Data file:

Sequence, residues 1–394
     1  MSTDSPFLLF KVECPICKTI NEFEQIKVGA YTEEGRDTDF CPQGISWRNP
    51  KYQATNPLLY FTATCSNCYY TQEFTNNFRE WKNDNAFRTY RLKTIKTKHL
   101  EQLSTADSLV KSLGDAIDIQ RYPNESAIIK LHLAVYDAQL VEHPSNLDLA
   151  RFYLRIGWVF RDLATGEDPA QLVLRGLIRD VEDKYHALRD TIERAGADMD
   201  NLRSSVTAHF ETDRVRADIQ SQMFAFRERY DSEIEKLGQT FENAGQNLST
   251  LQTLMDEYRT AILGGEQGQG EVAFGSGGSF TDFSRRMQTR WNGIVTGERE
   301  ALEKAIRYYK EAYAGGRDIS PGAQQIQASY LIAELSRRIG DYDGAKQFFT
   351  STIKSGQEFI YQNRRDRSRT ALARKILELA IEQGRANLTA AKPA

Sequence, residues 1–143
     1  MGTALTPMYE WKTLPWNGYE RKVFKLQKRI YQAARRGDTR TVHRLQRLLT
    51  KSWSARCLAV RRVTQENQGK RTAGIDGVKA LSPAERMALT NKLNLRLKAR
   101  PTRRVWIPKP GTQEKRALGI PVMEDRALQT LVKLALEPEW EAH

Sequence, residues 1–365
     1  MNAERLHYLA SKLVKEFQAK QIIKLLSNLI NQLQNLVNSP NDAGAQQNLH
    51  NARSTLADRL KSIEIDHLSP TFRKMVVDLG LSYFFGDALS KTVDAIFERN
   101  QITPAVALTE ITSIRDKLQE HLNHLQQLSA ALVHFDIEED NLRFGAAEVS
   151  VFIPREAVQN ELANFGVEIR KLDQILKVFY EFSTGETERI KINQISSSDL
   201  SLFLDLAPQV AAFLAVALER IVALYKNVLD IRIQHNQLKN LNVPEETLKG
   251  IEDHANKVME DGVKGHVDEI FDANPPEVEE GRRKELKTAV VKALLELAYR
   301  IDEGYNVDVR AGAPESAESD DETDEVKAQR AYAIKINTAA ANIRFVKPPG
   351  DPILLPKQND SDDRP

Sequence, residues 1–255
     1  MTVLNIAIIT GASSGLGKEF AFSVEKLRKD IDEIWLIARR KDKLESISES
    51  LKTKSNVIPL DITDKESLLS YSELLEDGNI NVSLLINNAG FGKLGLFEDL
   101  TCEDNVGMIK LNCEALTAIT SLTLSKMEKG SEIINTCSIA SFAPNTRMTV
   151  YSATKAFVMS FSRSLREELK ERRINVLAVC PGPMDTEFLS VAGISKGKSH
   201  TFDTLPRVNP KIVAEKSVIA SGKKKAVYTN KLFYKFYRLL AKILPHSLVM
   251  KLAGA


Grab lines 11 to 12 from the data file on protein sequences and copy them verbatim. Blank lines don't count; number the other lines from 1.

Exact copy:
     1  MGTALTPMYE WKTLPWNGYE RKVFKLQKRI YQAARRGDTR TVHRLQRLLT
    51  KSWSARCLAV RRVTQENQGK RTAGIDGVKA LSPAERMALT NKLNLRLKAR